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Exploring Regional Variation in Roost Selection by Bats: Evidence from a Meta-Analysis.

Fabianek F, Simard MA, Desrochers A - PLoS ONE (2015)

Bottom Line: We tested whether effect sizes from 34 studies were consistent enough to reject the hypothesis that trees selected by bats did not significantly differ in their characteristics from randomly selected trees.Size and direction of effects varied greatly among studies with respect to distance to water, tree density, slope, and bark remaining on trunks.Inclusion of mean summer temperature and sex in meta-regressions further explained heterogeneity in tree diameter effect sizes.

View Article: PubMed Central - PubMed

Affiliation: Centre d'Étude de la Forêt (CEF), and Faculté de Foresterie, de Géographie et de Géomatique, Université Laval, Québec, Quebec, Canada.

ABSTRACT

Background and aims: Tree diameter, tree height and canopy closure have been described by previous meta-analyses as being important characteristics in roost selection by cavity-roosting bats. However, size and direction of effects for these characteristics varied greatly among studies, also referred to as heterogeneity. Potential sources of heterogeneity have not been investigated in previous meta-analyses, which are explored by correlating additional covariates (moderator variables). We tested whether effect sizes from 34 studies were consistent enough to reject the hypothesis that trees selected by bats did not significantly differ in their characteristics from randomly selected trees. We also examined whether heterogeneity in tree diameter effect sizes was correlated to moderator variables such as sex, bat species, habitat type, elevation and mean summer temperature.

Methods: We used Hedges' g standardized mean difference as the effect size for the most common characteristics that were encountered in the literature. We estimated heterogeneity indices, potential publication bias, and spatial autocorrelation of our meta-data. We relied upon meta-regression and multi-model inference approaches to evaluate the effects of moderator variables on heterogeneity in tree diameter effect sizes.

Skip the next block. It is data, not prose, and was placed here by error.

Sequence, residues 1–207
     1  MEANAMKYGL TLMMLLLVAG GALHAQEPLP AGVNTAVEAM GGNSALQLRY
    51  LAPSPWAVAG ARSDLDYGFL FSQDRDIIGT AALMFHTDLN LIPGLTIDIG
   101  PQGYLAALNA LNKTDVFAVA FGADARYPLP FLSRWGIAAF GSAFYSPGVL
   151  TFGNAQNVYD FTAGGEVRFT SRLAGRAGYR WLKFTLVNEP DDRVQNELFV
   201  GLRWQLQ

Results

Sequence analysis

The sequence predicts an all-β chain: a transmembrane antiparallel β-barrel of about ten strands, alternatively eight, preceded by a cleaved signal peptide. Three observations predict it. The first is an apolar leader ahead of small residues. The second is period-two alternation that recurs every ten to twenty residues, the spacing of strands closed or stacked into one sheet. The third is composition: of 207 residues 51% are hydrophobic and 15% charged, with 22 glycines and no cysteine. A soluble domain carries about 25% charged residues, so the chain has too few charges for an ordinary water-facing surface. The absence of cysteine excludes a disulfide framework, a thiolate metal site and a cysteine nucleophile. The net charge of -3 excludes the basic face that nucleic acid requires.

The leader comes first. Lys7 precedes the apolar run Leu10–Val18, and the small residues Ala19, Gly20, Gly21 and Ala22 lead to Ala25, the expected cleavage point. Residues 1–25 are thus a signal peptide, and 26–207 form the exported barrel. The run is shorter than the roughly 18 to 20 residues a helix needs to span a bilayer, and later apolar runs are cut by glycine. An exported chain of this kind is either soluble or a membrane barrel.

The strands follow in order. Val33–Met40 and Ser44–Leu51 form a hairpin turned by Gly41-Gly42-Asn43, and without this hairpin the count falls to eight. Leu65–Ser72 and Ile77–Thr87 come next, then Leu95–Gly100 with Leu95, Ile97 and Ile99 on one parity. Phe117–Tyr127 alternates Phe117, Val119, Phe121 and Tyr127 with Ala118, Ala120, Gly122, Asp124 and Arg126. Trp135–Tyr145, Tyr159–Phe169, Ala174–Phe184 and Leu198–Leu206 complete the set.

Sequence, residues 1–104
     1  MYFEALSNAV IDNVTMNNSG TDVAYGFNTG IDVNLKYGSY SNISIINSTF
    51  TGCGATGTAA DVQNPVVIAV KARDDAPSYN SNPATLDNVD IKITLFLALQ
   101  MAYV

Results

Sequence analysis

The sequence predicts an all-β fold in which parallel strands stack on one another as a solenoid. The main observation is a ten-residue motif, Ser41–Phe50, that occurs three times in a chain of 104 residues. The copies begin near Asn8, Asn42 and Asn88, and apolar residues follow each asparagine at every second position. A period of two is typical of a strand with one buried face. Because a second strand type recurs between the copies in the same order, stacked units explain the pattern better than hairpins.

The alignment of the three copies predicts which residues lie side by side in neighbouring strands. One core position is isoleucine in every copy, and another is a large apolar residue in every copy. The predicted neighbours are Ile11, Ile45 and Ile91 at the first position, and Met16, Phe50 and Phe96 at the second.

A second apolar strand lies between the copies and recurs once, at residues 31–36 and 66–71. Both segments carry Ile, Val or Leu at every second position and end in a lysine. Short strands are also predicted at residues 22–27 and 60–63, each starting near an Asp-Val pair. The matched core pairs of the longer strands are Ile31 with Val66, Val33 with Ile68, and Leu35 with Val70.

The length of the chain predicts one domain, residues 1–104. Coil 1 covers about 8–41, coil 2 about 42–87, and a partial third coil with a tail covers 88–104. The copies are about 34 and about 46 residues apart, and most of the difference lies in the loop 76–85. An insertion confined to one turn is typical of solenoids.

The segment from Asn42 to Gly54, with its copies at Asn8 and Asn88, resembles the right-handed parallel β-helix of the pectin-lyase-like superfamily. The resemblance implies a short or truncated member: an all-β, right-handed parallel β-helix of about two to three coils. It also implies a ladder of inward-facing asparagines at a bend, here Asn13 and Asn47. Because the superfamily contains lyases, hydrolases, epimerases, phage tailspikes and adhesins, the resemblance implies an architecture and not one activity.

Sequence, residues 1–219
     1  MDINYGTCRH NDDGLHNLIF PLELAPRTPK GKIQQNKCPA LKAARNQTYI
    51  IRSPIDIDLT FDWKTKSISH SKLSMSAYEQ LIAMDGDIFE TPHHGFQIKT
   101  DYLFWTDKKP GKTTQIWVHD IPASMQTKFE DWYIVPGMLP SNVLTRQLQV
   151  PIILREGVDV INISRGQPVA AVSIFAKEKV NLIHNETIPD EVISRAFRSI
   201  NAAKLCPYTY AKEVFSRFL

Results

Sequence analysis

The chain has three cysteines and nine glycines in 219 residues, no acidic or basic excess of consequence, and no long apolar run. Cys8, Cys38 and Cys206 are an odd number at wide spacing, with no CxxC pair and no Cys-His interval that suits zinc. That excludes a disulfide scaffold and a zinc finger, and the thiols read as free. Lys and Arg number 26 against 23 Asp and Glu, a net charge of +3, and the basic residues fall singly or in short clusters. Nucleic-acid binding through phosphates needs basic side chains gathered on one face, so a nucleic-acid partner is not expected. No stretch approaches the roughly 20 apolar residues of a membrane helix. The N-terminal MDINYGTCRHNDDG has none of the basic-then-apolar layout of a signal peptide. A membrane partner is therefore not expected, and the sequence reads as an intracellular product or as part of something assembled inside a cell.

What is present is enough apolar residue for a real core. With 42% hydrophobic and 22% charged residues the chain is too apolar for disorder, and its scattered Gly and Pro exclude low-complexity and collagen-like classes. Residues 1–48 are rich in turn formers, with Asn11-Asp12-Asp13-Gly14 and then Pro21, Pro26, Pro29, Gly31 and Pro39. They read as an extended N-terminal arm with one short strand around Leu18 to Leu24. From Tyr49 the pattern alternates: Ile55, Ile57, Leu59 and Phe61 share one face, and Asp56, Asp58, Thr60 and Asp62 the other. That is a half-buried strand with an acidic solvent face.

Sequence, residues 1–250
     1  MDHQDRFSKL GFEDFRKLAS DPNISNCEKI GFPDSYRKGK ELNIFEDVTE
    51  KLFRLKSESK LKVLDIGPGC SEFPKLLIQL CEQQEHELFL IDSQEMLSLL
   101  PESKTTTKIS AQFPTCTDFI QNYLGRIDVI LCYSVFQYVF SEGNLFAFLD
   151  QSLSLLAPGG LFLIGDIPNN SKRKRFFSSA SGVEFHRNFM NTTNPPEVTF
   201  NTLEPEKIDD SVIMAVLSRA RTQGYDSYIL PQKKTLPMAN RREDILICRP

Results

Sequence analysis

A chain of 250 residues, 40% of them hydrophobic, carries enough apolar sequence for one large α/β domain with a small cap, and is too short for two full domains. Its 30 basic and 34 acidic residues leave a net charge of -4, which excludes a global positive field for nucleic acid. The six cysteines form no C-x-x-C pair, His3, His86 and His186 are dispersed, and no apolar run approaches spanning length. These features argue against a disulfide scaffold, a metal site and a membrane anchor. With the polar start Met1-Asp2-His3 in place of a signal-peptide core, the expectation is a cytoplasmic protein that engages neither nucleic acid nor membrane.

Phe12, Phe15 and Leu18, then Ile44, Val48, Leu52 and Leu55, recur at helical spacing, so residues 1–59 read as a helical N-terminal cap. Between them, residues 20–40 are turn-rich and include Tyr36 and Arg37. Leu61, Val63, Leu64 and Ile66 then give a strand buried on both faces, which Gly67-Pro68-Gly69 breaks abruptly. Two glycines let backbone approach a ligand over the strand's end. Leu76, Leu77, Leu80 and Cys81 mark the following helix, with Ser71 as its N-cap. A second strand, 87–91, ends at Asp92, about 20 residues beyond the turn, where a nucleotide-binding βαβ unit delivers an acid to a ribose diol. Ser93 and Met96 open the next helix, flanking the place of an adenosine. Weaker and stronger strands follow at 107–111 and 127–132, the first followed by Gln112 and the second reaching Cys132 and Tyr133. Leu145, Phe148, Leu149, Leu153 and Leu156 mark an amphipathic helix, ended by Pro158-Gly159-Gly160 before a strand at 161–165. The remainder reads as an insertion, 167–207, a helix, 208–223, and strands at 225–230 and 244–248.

Results: Tree diameter, tree height, snag density, elevation, and canopy closure were significant characteristics of roost selection by cavity-roosting bats. Size and direction of effects varied greatly among studies with respect to distance to water, tree density, slope, and bark remaining on trunks. Inclusion of mean summer temperature and sex in meta-regressions further explained heterogeneity in tree diameter effect sizes.

Conclusions: Regional differences in roost selection for tree diameter were related to mean summer temperature. Large diameter trees play a central role in roost selection by bats, especially in colder regions, where they are likely to provide a warm and stable microclimate for reproductive females. Records of summer temperature fluctuations inside and outside tree cavities that are used by bats should be included in future research.

No MeSH data available.


Related in: MedlinePlus

L’Abbé plots of the tree characteristics selected by bats (experimental groups) against the random tree characteristics (control group) with the 95% CI (black dashed lines) for each dataset, and for each characteristic (tree diameter, tree height, snag density, bark remaining on trunks, distance to water, canopy closure, elevation, slope, and stand density).The size of the circle varies according to the assigned random weight (inverse variance of the standardized mean differences) of each dataset. The diagonal (x = y) grey dotted line is the equality line (1:1) between both means (i.e., the zero effect line, for which the mean difference = 0). Above the x = y line, the experimental group mean is higher than the control group mean. Below the x = y line, the experimental group mean is lower than the control group mean. Tau-squared (τ2) and Higgins’ I2 heterogeneity indices are shown in each plot. Higgins' I2 index is expressed in percentage and is used to interpret the severity of heterogeneity.
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pone.0139126.g004: L’Abbé plots of the tree characteristics selected by bats (experimental groups) against the random tree characteristics (control group) with the 95% CI (black dashed lines) for each dataset, and for each characteristic (tree diameter, tree height, snag density, bark remaining on trunks, distance to water, canopy closure, elevation, slope, and stand density).The size of the circle varies according to the assigned random weight (inverse variance of the standardized mean differences) of each dataset. The diagonal (x = y) grey dotted line is the equality line (1:1) between both means (i.e., the zero effect line, for which the mean difference = 0). Above the x = y line, the experimental group mean is higher than the control group mean. Below the x = y line, the experimental group mean is lower than the control group mean. Tau-squared (τ2) and Higgins’ I2 heterogeneity indices are shown in each plot. Higgins' I2 index is expressed in percentage and is used to interpret the severity of heterogeneity.

Mentions: Funnel plots were well balanced (Fig 3); therefore, asymmetry tests did not reveal any significant publication bias (Table 1). Higgins’ I2 heterogeneity index indicated considerable levels of heterogeneity (i.e., I2 indices ranging from 50% to 100%) for each characteristic of roost selection by bats (Table 1; Fig 4).